How New Tech Could Help Senior Housing’s Isolation Problem

Though some tech-savvy seniors can be found on Facebook, joining a modern-day social network may seem out of reach for a large number of older adults—especially those who are unfamiliar with or resistant to technology.

Now, some tech innovators and forward-thinking senior housing providers are taking steps to change things.

Thanks to work out of the University of Notre Dame, residents at two senior housing communities in South Bend, Indiana, have been able to create their own social networks, fostering a sense of community where it had previously been lacking.

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A tablet app, eSeniorCare, was developed by the university’s Interdisciplinary Center for Network Science & Applications (iCeNSA). It is meant to be used simultaneously by both seniors and their health care support services, iCeNSA Director Nitesh Chawla told Senior Housing News.

In addition to what the senior living industry has come to expect from such an app—tracking medication adherence, medication scheduling and management, observations of daily living and various health-related goals—eSeniorCare connects seniors to other residents within their community through competitive “brain games.”

There are, for instance, a variety of Sudoku and crossword puzzles, games, and activities on the app, carefully designed to enhance seniors’ cognitive health. If seniors perform well, the app allows them to make and share virtual trophies with other app users—giving them bragging rights amongst their friends and peers.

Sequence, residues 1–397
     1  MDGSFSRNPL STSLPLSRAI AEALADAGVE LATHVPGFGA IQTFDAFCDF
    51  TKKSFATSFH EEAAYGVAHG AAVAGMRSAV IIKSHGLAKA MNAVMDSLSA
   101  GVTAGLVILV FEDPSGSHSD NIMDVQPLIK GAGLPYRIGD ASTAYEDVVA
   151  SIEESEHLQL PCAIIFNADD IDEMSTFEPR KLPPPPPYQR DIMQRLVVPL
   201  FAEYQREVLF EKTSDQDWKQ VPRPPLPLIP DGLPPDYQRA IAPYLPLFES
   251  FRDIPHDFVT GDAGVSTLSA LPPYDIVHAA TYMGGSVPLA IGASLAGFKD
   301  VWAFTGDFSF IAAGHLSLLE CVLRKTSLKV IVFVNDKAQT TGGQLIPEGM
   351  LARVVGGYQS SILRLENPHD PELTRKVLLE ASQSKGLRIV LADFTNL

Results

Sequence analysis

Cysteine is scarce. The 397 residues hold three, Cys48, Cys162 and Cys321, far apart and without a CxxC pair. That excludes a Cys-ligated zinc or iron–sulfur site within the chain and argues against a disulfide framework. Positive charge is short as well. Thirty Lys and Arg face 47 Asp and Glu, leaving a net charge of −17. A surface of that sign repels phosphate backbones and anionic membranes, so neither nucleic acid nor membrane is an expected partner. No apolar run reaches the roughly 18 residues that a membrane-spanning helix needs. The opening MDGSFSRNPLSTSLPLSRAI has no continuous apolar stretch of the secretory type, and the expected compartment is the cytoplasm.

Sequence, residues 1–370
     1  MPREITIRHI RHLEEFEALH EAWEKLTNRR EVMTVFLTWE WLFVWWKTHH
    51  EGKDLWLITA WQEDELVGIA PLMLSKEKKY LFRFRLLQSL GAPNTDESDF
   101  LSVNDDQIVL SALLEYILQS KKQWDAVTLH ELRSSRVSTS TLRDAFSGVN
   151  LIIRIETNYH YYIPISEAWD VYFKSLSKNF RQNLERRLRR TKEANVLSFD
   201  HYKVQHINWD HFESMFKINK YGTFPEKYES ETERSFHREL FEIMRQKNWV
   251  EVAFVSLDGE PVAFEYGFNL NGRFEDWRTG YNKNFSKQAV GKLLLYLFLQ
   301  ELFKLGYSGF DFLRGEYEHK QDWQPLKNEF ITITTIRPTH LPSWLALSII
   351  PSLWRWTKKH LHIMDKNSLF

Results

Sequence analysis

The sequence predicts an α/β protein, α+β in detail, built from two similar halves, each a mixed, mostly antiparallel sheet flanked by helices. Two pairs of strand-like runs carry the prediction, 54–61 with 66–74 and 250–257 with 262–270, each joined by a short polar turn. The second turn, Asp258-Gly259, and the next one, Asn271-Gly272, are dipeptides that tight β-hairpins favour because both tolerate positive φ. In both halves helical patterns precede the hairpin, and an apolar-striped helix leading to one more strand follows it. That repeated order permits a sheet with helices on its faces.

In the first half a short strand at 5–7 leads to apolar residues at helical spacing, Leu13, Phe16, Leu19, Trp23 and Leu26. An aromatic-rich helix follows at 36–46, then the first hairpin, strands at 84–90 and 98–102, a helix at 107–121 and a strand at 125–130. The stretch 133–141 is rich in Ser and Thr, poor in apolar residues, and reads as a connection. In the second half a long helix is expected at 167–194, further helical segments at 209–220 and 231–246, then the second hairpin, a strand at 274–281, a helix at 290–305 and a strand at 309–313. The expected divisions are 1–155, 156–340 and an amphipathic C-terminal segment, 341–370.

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In that way, Chawla said, the app helps build social networks around peer groups.

“We really have built a social-ecological model around these seniors,” he told SHN.

So far, the app has been piloted in three three affordable housing communities for seniors 55-years-old or older in South Bend. But those involved see a future for the app beyond independent living environments.

Scaling Up, Branching Out

The eSeniorCare app was rolled out as part of the Aging in Place program at Memorial Hospital, which is part of the South Bend-based Beacon Health System. The program places a resident-life assistant and a nurse in low-income independent living facilities for seniors, with the goal of keeping residents living independently in their homes.

Kimberly Reeves, the community benefit investment coordinator at Beacon Health System, told SHN she has seen the positive benefits of the app first-hand.

“We’ve seen a sense of community,” she explained to SHN. “It brought the residents together.”

Reeves noted that residents actually had to come out of their apartments to learn how to use the technology, which brought the seniors closer to staff. She also noted the sense of pride the “brain games” component of the app instilled in residents.

“I had a resident show me that they completed over 600 crossword puzzles, and that’s phenomenal,” Reeves told SHN.

According to Chawla, the amount of time and research that went into eSeniorCare makes the app unique. At the same time, if future research funding proves inadequate, it may delay the app’s roll out to the public and other senior living arenas.

“What I’m hoping is that, in a year or so, we’d love to be able to make it available to broader individuals, or even home care folks,” he told SHN. “We would certainly like to take it to the assisted living facilities as well.”

Written by Mary Kate Nelson

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